When Henry William Ravenel published his findings on the fungi and lichens of South Carolina in the 1850s, it was the first written treatise on American mushrooms. But early manuscripts and published works found in the papers of Lowcountry families had long referred to cooking mushrooms—stewed, pickled, put up in catsups, and dried. The earthy flavors of fungi, esteemed in both France and England whence came so many Carolina settlers, married well with the poultry and rice dishes of the area and complemented the game of the plantations. Sarah Rutledge included a “German receipt” for a mushroom soup in her 1847 Carolina Housewife, as well as a white fricassee of the fungi. In the Lowcountry mushrooms often mean chanterelles.
When the rains of August and September come to the Lowcountry, coupled with the longer, cooler nights, chanterelles pop up under stately oaks, dotting lawns with splashes of their bright apricot color. Hampton Park is the former site of the South Carolina Interstate and West Indian Exposition that took place in 1901-02 to attract tourism and business to the state by showing off its peculiar resources. Built north of the city on the site of a private horse track, the exposition—really a “world’s fair”—was meant to inject some spark into an economy still crippled from the Civil War and Reconstruction. The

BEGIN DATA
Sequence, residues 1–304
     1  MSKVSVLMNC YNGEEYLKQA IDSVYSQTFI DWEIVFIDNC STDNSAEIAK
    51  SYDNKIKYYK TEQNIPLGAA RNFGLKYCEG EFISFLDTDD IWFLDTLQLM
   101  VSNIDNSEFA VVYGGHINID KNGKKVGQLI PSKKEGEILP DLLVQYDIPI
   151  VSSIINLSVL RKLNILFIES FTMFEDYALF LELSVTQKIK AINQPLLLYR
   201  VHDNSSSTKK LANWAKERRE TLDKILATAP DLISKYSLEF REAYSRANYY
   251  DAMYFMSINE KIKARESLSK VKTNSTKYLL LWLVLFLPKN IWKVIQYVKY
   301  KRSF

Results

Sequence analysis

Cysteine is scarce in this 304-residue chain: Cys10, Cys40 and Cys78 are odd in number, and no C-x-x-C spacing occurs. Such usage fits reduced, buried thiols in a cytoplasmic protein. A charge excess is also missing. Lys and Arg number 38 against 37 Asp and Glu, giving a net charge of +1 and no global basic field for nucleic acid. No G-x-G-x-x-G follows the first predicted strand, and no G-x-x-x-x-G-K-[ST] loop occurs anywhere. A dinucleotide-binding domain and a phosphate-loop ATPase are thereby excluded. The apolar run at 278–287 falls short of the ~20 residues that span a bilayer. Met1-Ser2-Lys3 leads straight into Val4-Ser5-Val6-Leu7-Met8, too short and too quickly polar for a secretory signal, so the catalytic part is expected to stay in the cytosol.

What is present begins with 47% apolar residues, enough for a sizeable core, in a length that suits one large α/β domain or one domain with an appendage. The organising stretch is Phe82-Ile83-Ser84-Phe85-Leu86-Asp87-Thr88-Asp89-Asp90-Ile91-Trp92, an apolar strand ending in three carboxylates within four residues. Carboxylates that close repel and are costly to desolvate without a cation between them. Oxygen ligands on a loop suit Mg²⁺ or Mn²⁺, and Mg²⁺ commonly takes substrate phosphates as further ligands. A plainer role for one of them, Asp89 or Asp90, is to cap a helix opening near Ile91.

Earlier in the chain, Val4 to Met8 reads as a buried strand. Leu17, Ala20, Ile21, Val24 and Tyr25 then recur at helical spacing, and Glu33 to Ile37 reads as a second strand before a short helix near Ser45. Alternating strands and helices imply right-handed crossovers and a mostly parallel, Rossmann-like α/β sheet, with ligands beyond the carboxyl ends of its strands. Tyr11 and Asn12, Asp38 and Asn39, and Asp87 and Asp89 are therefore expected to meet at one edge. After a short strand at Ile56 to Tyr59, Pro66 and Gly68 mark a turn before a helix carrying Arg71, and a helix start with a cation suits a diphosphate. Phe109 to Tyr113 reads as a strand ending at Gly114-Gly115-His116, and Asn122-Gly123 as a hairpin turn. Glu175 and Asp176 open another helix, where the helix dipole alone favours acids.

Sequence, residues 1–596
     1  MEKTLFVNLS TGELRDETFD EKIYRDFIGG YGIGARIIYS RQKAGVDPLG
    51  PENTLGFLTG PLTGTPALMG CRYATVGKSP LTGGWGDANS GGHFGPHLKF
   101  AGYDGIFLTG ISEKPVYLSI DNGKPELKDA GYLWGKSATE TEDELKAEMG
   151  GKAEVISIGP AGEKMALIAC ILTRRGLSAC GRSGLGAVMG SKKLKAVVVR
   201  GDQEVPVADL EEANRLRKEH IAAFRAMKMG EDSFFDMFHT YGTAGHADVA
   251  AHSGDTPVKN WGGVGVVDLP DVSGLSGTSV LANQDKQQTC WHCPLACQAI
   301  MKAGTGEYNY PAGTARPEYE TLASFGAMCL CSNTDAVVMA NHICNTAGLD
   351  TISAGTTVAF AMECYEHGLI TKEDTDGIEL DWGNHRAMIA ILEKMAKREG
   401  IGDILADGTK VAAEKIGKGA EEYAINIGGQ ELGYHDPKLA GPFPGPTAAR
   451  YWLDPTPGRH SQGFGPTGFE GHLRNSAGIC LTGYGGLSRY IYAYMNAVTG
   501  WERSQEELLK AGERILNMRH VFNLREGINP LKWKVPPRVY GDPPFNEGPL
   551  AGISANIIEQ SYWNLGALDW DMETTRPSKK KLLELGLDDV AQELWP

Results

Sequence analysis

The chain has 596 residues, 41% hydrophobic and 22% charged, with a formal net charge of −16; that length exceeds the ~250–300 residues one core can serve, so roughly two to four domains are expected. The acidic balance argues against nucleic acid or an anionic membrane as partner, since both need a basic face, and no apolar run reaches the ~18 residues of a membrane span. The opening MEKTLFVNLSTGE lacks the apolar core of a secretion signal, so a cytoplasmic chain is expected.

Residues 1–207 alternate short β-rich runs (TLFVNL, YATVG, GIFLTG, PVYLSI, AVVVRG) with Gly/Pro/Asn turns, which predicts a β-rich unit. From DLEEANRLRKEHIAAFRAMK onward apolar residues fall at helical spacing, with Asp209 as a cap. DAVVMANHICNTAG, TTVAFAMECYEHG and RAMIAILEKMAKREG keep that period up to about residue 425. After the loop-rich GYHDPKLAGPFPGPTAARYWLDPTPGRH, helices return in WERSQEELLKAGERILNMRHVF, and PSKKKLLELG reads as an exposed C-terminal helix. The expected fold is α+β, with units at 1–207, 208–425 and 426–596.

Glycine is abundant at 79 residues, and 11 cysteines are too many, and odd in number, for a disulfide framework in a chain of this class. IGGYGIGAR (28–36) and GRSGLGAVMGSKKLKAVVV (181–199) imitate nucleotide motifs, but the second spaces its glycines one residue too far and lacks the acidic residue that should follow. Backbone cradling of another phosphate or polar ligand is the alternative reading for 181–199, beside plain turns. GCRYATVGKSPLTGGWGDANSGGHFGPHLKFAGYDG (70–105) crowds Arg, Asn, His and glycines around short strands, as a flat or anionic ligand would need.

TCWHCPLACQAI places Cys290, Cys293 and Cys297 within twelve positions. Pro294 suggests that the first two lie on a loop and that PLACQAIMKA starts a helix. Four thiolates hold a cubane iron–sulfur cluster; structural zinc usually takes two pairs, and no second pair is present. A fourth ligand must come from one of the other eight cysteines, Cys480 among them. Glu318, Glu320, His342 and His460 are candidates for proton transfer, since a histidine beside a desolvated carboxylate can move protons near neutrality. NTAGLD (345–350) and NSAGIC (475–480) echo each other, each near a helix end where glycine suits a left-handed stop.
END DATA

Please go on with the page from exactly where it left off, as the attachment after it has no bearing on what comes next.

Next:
Given our sandy soil, it is hard to find local chanterelles that are not without grit; but no mushroom benefits from coming in contact with water. On the old plantations along Lowcountry rivers, chanterelles grow on the vast lawns that spread out under the towering old live oak trees. Mushrooms that crop up through thick grass will not be sandy. If your chanterelles are dirty, try brushing the gill-like crevices with a pastry or mushroom brush to remove any dirt; or place the mushrooms on a screen outdoors and spray them with the finest mist from your garden hose. As a last resort, wash them quickly under running water, being sure to let them drain from a rack, and lightly pat them dry before using them.
© 1992 All rights reserved. Published by UNC Press.